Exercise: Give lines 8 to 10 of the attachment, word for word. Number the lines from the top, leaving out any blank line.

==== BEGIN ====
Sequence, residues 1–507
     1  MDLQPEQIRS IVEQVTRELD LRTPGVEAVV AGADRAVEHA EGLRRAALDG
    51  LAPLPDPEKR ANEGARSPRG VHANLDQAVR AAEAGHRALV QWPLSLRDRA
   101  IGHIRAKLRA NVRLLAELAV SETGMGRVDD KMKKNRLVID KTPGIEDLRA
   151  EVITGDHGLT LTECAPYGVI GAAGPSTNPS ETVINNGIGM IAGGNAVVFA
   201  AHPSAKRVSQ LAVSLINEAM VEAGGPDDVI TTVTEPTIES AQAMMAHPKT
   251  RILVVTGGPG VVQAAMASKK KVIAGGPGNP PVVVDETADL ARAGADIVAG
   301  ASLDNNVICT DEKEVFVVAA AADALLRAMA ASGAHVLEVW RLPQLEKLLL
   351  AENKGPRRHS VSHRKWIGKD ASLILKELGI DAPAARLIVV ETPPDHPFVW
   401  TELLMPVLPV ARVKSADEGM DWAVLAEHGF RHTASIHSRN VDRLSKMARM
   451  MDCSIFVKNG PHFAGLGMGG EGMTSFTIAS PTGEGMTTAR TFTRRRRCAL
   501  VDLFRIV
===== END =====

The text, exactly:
   301  ASLDNNVICT DEKEVFVVAA AADALLRAMA ASGAHVLEVW RLPQLEKLLL
   351  AENKGPRRHS VSHRKWIGKD ASLILKELGI DAPAARLIVV ETPPDHPFVW
   401  TELLMPVLPV ARVKSADEGM DWAVLAEHGF RHTASIHSRN VDRLSKMARM